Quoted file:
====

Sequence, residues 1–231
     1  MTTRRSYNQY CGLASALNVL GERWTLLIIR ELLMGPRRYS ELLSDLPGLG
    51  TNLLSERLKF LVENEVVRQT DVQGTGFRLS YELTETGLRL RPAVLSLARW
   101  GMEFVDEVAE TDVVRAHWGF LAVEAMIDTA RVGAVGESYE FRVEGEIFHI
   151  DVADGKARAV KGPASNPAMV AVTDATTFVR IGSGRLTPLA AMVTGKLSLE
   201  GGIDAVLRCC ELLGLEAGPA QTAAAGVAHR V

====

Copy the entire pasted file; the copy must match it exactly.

Sequence, residues 1–231
     1  MTTRRSYNQY CGLASALNVL GERWTLLIIR ELLMGPRRYS ELLSDLPGLG
    51  TNLLSERLKF LVENEVVRQT DVQGTGFRLS YELTETGLRL RPAVLSLARW
   101  GMEFVDEVAE TDVVRAHWGF LAVEAMIDTA RVGAVGESYE FRVEGEIFHI
   151  DVADGKARAV KGPASNPAMV AVTDATTFVR IGSGRLTPLA AMVTGKLSLE
   201  GGIDAVLRCC ELLGLEAGPA QTAAAGVAHR V